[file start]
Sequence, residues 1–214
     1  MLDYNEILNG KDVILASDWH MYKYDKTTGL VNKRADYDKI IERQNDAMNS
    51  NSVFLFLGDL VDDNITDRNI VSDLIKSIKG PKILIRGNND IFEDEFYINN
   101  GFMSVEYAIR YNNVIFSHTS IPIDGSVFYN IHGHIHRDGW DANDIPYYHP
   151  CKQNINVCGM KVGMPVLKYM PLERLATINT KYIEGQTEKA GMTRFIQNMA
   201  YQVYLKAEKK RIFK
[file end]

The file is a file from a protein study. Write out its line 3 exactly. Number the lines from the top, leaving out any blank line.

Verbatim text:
    51  NSVFLFLGDL VDDNITDRNI VSDLIKSIKG PKILIRGNND IFEDEFYINN